The Magazine

The Greek Gift

On the classical origins of democratic freedom.

Aug 27, 2012, Vol. 17, No. 46 • By DAVID WHARTON
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Meier is clear that, although the poleis were widely divergent in their political systems, the greatest achievement of this ancient “experimental laboratory” of politics was the isonomia pioneered by the Athenians: the idea that laws and the duties of civic life should fall equally to all citizens. If this principle seems transparently obvious to us now, that is a testament to how thoroughly steeped we are in Athenian ideals. It need hardly be said that the Greeks themselves did not push this idea to its logical conclusions—women, slaves, and immigrants were excluded from citizenship—but the breadth of political participation in Athens was breathtaking in its day.

How did Greek culture have any effect on later Europe, and then America? After all, Athens disintegrated quickly, and all the poleis were soon subjugated to Macedonian, then Roman, rule. Nothing in late antiquity or the early Middle Ages resembles the freedom that is Meier’s theme; yet Meier contends persuasively that it was the Greeks who first conceived of Europe as a unity, and that Europe has persistently oriented itself toward Greek culture, even if often filtered through a Hellenized Roman overlay. Greek patterns of thought are imprinted in the Christian tradition that dominated the Middle Ages, and European reappropriations of Greek texts and ideas have been constant since the Renaissance.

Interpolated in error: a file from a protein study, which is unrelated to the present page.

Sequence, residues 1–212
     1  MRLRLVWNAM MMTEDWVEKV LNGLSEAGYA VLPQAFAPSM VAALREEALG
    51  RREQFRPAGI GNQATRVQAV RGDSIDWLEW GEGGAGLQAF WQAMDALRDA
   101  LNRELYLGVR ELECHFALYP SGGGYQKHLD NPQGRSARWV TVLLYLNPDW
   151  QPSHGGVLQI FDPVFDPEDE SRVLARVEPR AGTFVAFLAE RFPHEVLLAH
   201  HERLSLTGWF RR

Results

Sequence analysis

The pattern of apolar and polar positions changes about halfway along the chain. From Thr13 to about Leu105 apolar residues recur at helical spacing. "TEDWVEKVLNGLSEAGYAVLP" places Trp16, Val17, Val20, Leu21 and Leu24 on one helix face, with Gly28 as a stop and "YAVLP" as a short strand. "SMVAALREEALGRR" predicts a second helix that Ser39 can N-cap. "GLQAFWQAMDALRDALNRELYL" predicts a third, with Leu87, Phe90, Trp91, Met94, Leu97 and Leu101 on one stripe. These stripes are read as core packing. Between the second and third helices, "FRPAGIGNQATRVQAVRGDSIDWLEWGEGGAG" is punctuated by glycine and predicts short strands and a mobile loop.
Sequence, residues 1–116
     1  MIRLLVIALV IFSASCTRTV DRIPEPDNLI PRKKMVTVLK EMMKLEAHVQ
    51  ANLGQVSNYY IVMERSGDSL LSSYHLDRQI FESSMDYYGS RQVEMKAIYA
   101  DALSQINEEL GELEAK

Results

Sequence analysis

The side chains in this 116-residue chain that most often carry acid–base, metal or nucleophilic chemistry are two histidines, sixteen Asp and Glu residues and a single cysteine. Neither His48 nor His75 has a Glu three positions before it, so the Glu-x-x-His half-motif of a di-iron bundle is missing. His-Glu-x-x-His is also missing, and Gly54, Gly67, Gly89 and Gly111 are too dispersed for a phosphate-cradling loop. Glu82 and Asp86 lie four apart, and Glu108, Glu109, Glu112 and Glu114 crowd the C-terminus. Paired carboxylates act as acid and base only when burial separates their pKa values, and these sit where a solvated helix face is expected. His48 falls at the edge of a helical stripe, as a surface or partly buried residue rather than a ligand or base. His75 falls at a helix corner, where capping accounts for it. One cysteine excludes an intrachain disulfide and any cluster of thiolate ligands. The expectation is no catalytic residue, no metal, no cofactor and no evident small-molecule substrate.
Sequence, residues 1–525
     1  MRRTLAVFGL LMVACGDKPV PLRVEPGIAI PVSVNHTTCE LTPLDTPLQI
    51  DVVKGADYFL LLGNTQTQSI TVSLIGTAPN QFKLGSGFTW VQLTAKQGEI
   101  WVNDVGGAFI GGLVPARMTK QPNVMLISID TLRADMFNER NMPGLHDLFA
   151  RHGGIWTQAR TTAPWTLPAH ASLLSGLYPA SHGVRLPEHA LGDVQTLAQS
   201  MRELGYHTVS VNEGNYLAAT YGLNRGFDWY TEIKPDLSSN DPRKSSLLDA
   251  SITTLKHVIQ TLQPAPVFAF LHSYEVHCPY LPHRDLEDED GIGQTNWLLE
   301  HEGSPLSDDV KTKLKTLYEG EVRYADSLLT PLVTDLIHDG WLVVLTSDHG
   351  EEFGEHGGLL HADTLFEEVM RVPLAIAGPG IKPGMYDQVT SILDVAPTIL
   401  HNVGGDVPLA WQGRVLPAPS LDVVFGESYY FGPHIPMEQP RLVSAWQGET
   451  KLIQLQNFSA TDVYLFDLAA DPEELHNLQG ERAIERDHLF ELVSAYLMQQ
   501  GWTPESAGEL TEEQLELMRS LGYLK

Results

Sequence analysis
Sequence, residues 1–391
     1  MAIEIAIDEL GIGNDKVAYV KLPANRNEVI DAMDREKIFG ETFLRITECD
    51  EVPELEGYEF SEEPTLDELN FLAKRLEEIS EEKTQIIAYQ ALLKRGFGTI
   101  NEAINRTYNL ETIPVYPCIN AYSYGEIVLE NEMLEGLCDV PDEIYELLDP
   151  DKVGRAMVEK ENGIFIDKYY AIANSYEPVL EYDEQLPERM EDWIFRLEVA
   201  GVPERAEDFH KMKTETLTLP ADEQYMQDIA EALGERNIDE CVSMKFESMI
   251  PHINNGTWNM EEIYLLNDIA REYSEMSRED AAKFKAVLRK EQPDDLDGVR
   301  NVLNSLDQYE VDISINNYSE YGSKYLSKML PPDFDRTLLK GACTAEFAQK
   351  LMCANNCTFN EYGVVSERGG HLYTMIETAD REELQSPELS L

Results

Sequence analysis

Although Meier doesn’t say anything about America, we know how those ideas reached our shores: Our Founders drank deeply from the classical font. John Adams thought that reading Demosthenes was the most important part of his son’s education, and Jefferson loved nothing so much in his retirement as reading the Greeks in their own language. He was said always to have an ancient text in his hand. 

Yet as much as Meier enthuses about the salutary contributions of the Greeks’ spirit of freedom and dynamism to European culture, he is far less sanguine than George W. Bush about its prospects in the modern geopolitical landscape: 

To far too great an extent we today live under the illusion that the achievements of all cultures are readily available, as in a supermarket, and can be consumed by anyone in whatever mixture he chooses—and not just by individuals but by whole societies.

Meier here mildly indicts not only the facile multiculturalism that taints much leftist thought, but also its conservative antistrophe: the idea that freedom and all the traditions, institutions, and habits of thought and action that sustain it are easily transplanted. 

If A Culture of Freedom has faults, they are few. Meier’s argument, in places, becomes repetitious, and some may find his analysis of Greek literature too reductive. The stories of Oedipus, for example, and of Achilles reconciling himself to his fated early death, are difficult to construe as celebrations of freedom. Still, on the whole, he has elaborated in beautiful detail the energetic genius of the Greeks, and we are lucky to have in this volume the distilled reflections of a long and productive scholarly life.

David Wharton is associate professor of classical studies at the University of North Carolina, Greensboro.